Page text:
Going Through The Motions? – The Legend of Zelda: Skyward Sword review


So with the Wii U arriving next year, we’re coming to the end of the Wii’s lifespan–and what better way to end it than how we started: with a brand new Legend of Zelda game. The Legend of Zelda: Skyward Sword is the culmination of Nintendo’s 25th Anniversary celebrations for the series and the first Zelda game to use the Motion Plus add-on for the Wiimote. So how does this latest addition to the legacy stand up?

First, a recap of the plot: Link wakes up, passes through an introductory combat sequence, does some basic tutorial stuff, Zelda gets taken, Link finds a legendary sword and discovers he is a long prophesized hero, goes off to save Zelda by passing through many themed dungeons, picking up items and killing boss characters along the way. Any of that sound familiar? Yep? Well that’s because I could have essentially written it about almost every Zelda game in the last 25 years. It’s not like I haven’t known this before, but until now it never really seemed to bother me. I’ll be fair though; I don’t really play Zelda games for the plot, I play them for the puzzles, the inventive dungeons and gadgets, and the epic combat and boss battles.

Those last two are unfortunately where Skyward Sword falls down. The game is hugely reliant on motion controls, more so than any other Wii game I’ve played in years. The idea is that swinging your sword directly correlates to swinging your Wiimote. Most enemies block attacks from specific directions and require precise attacks in order to be taken down; but even with constant recalibration, I was never sure which way my sword was going to go when I swung it. Swimming is also completely covered with motion controls, making it a nightmare to be sure where you’re heading at any time. I have no problem with games having motion controls, but I at least want the option to use a standard controller. Also the boss battles; Zelda is always where you can find some truly fantastic boss fights and Skyward Sword is no exception. However, at least two of these boss fights are repeated, albeit with slight variations, THREE times. There should never be a point where I enter a Zelda boss fight with the words “This AGAIN?”.

Skyward Sword is by no means a bad game; in fact it’s a very, very good game. It’s great looking (at least for a Wii game) and the dungeons are some of the most inventive I’ve ever seen. One in particular utilizes a time-shifting mechanic that is, frankly, inspired and makes for some of the game’s most interesting puzzles. However, it’s clear that the developers were so proud of it they decided to use it again at least four other times throughout the game. The usual gadgets make a return including the slingshot, clawshots and the bow–and are joined by a whip and a fully controllable flying beetle. This is where Skyward Sword starts to shine: the whip and the beetle open up opportunities for gameplay that have never been seen in the series and the game seizes them for all they’re worth.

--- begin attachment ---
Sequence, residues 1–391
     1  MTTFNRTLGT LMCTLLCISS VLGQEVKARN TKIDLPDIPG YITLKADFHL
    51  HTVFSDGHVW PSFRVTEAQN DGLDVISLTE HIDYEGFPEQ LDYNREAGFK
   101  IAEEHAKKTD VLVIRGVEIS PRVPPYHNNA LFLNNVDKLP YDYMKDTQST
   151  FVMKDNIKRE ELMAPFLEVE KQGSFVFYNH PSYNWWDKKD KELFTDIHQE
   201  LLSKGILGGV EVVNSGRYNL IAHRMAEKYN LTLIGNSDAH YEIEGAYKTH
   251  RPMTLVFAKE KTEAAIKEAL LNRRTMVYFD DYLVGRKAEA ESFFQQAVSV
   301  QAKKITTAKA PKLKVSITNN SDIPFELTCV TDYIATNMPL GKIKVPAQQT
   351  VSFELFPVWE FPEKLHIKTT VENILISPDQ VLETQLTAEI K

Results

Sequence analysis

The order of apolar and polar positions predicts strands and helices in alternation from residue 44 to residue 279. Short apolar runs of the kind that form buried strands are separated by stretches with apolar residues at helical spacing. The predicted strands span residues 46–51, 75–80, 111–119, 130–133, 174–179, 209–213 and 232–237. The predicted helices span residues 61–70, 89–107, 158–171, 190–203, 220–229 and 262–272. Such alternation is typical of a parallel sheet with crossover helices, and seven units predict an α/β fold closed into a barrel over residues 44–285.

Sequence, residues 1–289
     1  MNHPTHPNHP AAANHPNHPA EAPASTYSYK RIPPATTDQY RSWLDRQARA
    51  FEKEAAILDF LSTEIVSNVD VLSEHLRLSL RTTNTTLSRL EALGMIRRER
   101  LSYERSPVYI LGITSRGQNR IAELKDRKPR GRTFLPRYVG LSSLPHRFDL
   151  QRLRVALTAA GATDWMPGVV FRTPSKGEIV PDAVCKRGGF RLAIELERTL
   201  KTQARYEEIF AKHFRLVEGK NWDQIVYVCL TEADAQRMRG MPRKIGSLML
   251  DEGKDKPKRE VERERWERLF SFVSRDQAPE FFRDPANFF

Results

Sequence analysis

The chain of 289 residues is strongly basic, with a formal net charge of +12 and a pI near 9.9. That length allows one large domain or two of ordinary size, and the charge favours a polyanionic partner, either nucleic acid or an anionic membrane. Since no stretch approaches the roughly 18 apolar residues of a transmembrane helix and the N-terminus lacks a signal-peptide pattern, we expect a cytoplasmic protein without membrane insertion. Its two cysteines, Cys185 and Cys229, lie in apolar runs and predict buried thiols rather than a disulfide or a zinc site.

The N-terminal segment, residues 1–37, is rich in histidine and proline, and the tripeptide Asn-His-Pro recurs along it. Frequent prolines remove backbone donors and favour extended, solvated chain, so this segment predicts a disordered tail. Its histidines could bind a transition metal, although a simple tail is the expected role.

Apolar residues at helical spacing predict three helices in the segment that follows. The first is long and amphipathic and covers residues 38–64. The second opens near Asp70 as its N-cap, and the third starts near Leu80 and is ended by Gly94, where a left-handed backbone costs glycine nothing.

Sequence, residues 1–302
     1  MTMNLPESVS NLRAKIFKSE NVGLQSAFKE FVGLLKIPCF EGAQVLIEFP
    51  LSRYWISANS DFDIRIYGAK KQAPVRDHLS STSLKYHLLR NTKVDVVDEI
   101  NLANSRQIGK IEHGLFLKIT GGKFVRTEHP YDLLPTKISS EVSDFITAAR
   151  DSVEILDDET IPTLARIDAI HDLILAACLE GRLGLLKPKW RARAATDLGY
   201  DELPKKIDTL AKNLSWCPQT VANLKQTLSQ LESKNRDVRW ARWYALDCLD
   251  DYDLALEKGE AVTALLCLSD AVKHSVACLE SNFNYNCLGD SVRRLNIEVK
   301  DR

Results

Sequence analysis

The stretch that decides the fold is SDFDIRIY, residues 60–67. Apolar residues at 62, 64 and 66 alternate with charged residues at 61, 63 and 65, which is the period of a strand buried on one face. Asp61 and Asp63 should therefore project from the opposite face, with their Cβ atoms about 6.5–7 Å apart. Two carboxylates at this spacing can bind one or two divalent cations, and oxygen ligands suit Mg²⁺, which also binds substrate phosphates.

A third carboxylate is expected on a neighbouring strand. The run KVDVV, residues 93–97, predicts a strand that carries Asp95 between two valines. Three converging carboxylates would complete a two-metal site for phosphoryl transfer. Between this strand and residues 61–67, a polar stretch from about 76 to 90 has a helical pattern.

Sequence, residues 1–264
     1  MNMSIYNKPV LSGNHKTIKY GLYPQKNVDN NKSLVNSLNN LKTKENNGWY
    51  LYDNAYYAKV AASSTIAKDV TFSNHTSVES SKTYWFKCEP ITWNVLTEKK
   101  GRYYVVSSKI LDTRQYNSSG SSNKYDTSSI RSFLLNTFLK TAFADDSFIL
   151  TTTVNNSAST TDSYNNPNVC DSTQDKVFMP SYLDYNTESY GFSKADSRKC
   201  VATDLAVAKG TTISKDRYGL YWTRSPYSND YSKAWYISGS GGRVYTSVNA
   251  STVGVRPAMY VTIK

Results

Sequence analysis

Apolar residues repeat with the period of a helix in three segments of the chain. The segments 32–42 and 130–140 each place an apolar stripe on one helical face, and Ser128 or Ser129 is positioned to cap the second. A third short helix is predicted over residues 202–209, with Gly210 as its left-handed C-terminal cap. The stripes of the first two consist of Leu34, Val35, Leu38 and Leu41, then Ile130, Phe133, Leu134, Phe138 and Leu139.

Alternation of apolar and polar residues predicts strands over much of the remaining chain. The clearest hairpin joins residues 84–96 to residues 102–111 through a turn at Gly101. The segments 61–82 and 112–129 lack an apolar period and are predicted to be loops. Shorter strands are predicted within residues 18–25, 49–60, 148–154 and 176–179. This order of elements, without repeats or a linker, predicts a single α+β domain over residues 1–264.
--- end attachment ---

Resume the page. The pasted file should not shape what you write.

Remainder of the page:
I know this all sounds like I didn’t like Skyward Sword…but I did. I really did. For one, it’s definitely the hardest Zelda in quite some time; the first dungeon’s miniboss reliably kicked my butt for about an hour and I haven’t been stumped by puzzles like this in a Zelda game for a long time. That’s a level of challenge that’s been missing from the genre for some time and is highly welcome. I may have made fun of the plot earlier, but while the basic structure is the same, the actual character work was done far better than I usually expect, with a lot more detail put into Zelda and Link’s relationship–and some rare fleshing out of secondary characters.

Skyward Sword is a great addition to the 25-year-long legacy of the Legend of Zelda. The problem is that in many ways, the Wii is showing its age. The motion controls, while used inventively, aren’t reliable enough for solid gameplay–especially not for the 30-40 hours it takes to beat the game. It’s also very clear how much of a graphical divide there is between the Wii and the other platforms; and while a lot of this is tempered by great gameplay, it’s still sometimes hard to reconcile. However, there are some absolutely shining moments for the series in here and any Zelda fan would be remiss in not picking it up. It’s definitely a great swansong for the Wii and we can only hope there’s another 25 years of joy to be gleaned from Link and friends.